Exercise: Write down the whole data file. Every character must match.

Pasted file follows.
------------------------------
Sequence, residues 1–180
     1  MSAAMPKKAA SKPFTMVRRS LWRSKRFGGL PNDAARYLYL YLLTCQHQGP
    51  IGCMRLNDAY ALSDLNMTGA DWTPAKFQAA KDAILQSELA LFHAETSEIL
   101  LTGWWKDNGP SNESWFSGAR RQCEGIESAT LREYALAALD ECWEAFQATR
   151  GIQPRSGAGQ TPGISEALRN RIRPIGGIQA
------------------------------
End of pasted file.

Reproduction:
Sequence, residues 1–180
     1  MSAAMPKKAA SKPFTMVRRS LWRSKRFGGL PNDAARYLYL YLLTCQHQGP
    51  IGCMRLNDAY ALSDLNMTGA DWTPAKFQAA KDAILQSELA LFHAETSEIL
   101  LTGWWKDNGP SNESWFSGAR RQCEGIESAT LREYALAALD ECWEAFQATR
   151  GIQPRSGAGQ TPGISEALRN RIRPIGGIQA